Confectionery ties to the Civil Rights movement are nothing new. As recently as 2012, Trayvon Martin was killed holding a bag of Skittles, and that was just one instance of the two being inextricably linked.
And it just seems absurd to write about anything other than the massive protests happening right now across the world and in all 50 states in support of Black Lives Matter.
So let’s talk about the candy industry and what it can do when it comes to diversity and civil rights. First, the most pertinent question: How diverse is the confectionery industry?
Here, we have some good news. According to 2019 U.S. Bureau of Labor Statistics data, the manufacturing of sugar and confectionery products industry employs about 86,000 people, and in most cases, the numbers of each demographic line up with the general population.
Below is a look at how the demographics break down in the confectionery industry, compared to the population as a whole in parentheses, which is based on U.S. Census Bureau data from 2019.
- 34 percent are women (50.8 percent in general population)
- 75.7 percent are white (76.5 percent in general population)
- 18.6 percent are black or African American (13.4 percent in general population)
- 4.6 percent are Asian (5.9 percent in general population)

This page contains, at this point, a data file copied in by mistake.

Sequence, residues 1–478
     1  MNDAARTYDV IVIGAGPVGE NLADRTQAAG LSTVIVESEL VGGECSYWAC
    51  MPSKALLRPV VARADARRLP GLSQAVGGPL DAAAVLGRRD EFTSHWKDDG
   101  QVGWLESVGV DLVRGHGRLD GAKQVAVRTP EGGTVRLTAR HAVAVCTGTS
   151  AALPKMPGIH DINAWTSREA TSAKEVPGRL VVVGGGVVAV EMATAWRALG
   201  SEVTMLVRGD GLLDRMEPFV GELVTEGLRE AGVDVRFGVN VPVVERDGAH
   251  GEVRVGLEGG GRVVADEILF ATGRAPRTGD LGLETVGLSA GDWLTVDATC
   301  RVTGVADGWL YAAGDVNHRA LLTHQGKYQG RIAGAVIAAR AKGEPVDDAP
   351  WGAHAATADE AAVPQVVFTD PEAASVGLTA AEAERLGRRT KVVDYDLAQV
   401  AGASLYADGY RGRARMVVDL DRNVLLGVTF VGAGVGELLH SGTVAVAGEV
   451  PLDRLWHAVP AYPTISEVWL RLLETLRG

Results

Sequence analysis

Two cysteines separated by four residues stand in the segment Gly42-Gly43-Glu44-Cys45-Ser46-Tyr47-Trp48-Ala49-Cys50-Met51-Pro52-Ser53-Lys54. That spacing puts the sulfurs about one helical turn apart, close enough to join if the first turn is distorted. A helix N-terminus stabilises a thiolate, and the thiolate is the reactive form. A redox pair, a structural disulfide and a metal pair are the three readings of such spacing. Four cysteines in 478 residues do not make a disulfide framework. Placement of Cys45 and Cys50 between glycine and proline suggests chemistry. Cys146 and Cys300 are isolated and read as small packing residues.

- 22.2 percent are Hispanic or Latino (18.3 percent in the general population)
Overall, the numbers related to race are pretty close — although there is still a gender gap.
And it’s important to remember that these numbers take into account the entire staff of the sugar and candy manufacturing industry. I’m skeptical these figures would hold up the further up the chain we go.
Because let’s be honest — it’s no secret confectionery industry events are often a sea of mostly white faces, and that’s who is making the decisions in the candy industry. Being aware of that is an important first step.
Black Lives Matter is not a new movement, but it does seem to be gaining new momentum. And I’m seeing more of my white friends take racism seriously in light of recent events.
I encourage confectionery brands to use their platform to adamantly speak out against racism. But beyond that, it’s so important to back up those words with actions.
So take some time to learn more about how this country has actually treated black people — here’s a great reading list to start. And companies must continue to make diverse hiring a priority, but also, diverse promotion.
And one last thing — give everyone at your company a mental health day because we could all use a break. And when they come back, openly acknowledge how stressful the world is right now, and in particular, how stressful it is for black people.
Because Dwayne Reed said it best: “White supremacy won’t die until white people see it as a white issue they need to solve rather than a black issue they need to empathize with.”